The Canadian government unveiled slightly stricter gun laws on Tuesday that include enhanced background checks and restrictions on who can own firearms, in response to a spike in gang-related gun crimes.
Checks used to go back only five years but now will look at a person’s entire “life history” before a gun ownership license is issued, according to the draft legislation.
Persons with a mental illness linked to violence, who have a history of violence or have been convicted of criminal offenses such as harassment or drug trafficking would be prohibited from owning a gun.
Vendors would also be obliged to verify the validity of buyers’ firearm licenses before completing a transaction, and keep a sales record for 20 years — which would be accessible by police authorized by the courts.
The legislation would not add to the current list of restricted or prohibited weapons. Instead it would put the onus on federal police to make decisions on gun classifications in order to remove political interference.
“While Canada is one of the safest countries in the world, increased gun crime has caused too much violence and taken too many lives in communities of all kinds,” Public Safety Minister Ralph Goodale said in a statement.
“With this legislation and our other measures, we are taking concrete steps to make our country less vulnerable to the scourge of gun violence, while being fair to responsible, law-abiding firearms owners and businesses,” he said.
The proposed law comes as Canada’s overall crime rate continues to fall, but gun crimes are on the rise.
According to government statistics, the number of crimes involving guns increased 30 percent to 2,465 from 2013 to 2016, while gun homicides (many of them involving gangs) rose by two-thirds to 223.
Most firearms owned by Canadians are non-restricted long guns such as hunting rifles and shotguns.
For the most part, handguns, semi-automatics or fully automatic firearms are already restricted or prohibited.
Under the new law, two groups of guns (Swiss and Czech assault rifles) that were downgraded by the previous Tory administration in 2015 would be relisted at a higher classification.
However, owners would be allowed to keep them under a grandfather clause as long as they followed the new classification rules limiting their use to activities such as target practice or as part of a collection.
Big chain retailers — including Target and Home Depot — beg government to enforce standard mask-wearing nationwide
In a letter sent to the National Governors Association, an industry group representing many of the largest retailers in the U.S. asked the country's governors to mandate and enforce rules requiring people to wear masks at all times while in public.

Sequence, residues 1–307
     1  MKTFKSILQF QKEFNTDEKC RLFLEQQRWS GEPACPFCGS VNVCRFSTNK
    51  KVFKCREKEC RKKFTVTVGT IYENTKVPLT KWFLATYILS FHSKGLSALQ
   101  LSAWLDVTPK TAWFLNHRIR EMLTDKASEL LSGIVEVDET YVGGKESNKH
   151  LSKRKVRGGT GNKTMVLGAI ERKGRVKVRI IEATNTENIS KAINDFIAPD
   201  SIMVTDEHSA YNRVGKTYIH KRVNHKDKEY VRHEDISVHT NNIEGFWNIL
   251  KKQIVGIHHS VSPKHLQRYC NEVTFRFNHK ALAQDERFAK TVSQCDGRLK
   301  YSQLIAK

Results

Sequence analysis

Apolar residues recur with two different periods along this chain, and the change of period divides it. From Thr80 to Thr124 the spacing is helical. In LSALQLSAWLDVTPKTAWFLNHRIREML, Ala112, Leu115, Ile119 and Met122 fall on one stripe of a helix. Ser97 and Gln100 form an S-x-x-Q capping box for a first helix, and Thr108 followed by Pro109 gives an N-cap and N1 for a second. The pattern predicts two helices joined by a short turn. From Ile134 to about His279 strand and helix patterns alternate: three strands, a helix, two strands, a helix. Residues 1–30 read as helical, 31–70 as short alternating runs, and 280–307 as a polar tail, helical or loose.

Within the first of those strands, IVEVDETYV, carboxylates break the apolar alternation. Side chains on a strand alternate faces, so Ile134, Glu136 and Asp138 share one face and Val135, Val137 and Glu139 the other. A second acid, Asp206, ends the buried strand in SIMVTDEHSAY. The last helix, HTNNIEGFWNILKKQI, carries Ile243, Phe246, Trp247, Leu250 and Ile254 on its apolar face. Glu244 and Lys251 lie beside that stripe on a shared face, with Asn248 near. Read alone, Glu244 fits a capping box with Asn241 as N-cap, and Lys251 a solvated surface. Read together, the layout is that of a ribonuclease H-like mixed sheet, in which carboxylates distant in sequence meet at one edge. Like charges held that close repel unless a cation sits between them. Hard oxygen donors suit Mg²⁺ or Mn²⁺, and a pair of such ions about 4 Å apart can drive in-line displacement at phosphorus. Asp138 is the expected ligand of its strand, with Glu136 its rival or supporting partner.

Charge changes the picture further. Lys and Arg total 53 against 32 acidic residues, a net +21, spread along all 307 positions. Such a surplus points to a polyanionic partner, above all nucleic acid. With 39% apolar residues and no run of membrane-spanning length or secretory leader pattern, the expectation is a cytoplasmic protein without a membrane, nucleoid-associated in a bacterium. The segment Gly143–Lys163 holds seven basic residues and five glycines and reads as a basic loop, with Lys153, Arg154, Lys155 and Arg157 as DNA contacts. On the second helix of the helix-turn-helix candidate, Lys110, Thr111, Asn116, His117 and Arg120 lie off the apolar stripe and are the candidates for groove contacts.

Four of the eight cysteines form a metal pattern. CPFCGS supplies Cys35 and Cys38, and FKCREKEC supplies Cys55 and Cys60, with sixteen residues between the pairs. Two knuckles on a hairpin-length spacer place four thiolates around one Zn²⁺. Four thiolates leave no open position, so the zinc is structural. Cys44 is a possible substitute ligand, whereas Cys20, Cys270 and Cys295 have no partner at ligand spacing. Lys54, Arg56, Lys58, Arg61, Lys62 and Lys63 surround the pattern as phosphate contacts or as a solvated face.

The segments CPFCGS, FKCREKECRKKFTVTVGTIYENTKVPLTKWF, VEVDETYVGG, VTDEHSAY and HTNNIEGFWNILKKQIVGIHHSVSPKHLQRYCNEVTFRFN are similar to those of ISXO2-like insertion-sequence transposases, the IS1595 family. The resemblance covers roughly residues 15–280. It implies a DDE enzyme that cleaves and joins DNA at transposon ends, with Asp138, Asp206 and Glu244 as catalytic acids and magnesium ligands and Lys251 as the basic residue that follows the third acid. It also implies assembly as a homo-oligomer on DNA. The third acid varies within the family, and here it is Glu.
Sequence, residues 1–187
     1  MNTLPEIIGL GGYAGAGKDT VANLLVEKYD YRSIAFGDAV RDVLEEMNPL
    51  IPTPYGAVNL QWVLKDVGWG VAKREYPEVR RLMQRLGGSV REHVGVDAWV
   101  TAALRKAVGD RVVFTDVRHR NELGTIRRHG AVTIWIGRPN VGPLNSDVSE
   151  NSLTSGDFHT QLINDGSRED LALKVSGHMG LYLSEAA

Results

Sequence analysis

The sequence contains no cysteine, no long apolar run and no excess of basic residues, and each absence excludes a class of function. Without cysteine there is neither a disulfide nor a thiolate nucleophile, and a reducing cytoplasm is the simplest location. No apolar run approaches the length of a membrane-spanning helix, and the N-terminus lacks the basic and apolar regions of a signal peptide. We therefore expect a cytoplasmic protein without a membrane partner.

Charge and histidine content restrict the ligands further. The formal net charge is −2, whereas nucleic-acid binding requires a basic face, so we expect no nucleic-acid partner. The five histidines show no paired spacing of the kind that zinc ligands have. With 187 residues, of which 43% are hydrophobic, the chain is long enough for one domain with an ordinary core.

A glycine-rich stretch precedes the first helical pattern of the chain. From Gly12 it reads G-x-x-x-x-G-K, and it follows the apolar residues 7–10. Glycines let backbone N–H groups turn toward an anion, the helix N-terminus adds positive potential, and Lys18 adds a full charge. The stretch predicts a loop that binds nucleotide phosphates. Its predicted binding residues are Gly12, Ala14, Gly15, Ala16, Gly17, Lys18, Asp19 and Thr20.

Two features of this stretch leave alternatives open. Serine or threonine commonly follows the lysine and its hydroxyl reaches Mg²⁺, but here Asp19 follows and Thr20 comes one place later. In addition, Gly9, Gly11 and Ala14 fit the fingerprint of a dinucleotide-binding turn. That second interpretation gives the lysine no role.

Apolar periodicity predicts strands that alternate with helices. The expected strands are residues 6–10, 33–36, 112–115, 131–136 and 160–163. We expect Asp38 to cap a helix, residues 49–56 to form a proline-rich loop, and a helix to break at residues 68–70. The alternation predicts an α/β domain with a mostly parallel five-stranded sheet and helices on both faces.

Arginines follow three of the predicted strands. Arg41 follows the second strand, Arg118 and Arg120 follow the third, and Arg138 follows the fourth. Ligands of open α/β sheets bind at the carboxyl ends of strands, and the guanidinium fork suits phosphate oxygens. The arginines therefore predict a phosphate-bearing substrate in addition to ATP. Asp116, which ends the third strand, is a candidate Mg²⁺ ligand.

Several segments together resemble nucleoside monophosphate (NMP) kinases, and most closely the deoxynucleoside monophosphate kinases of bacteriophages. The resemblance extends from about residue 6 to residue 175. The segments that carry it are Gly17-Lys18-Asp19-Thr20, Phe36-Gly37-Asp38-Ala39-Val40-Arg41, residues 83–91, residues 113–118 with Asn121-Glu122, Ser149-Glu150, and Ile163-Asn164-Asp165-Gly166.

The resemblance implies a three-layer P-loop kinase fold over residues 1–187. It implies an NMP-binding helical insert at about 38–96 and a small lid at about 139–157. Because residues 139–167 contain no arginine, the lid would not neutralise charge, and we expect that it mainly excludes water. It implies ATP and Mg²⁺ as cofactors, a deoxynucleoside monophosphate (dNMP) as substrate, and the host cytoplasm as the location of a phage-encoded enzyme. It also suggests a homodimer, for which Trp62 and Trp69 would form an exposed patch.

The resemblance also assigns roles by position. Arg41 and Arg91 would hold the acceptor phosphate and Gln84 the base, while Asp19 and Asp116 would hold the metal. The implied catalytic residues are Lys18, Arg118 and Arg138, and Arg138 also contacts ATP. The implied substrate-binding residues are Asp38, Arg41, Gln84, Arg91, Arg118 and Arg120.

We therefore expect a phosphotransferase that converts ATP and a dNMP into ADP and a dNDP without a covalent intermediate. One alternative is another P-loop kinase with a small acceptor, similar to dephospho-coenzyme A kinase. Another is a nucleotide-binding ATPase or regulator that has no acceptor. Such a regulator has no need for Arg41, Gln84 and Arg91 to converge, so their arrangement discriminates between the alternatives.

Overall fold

With the coronavirus spiking dramatically in some states, the Retail Industry Leaders Association, which represents Target and Home Depot among others, sent the letter on Monday, reports CBS News.
One major issue has been the increasing incidence of angry shoppers attacking employees due to non-standardized rules on masks.
Tech titan chiefs to testify at US antitrust committee
The US House Committee on the Judiciary on Monday announced that leaders of Amazon, Apple, Facebook, and Google will testify during an antitrust investigation hearing.
The hearing, scheduled to take place July 27, comes against a backdrop of growing complaints about tech platforms that have dominated key economic sectors, and calls by some activists and politicians to break up the Silicon Valley giants
Chief executives Jeff Bezos (Amazon), Tim Cook (Apple), Mark Zuckerberg (Facebook) and Sundar Pichai (Google) will be allowed to appear virtually if they wish, according to a joint statement released by Judiciary committee chairman Jerrold Nadler and Antitrust subcommittee chairman David Cicilline.
New Zealand restricts entry for Kiwis escaping coronavirus
New Zealand began restricting the return of its own nationals Tuesday as the country faces an accelerating influx of citizens fleeing coronavirus outbreaks overseas and limited quarantine facilities.
National carrier Air New Zealand put a three-week freeze on new bookings and the government is in talks with other airlines to limit capacity, officials said.
New Zealand has gone 67 days without any cases of coronavirus in the community and its 22 active cases are all in managed quarantine facilities for New Zealanders flocking home from worsening epidemics elsewhere.
There are nearly 6,000 people currently undergoing the mandatory 14-day quarantine in the facilities and another 3,500 are due to arrive this week.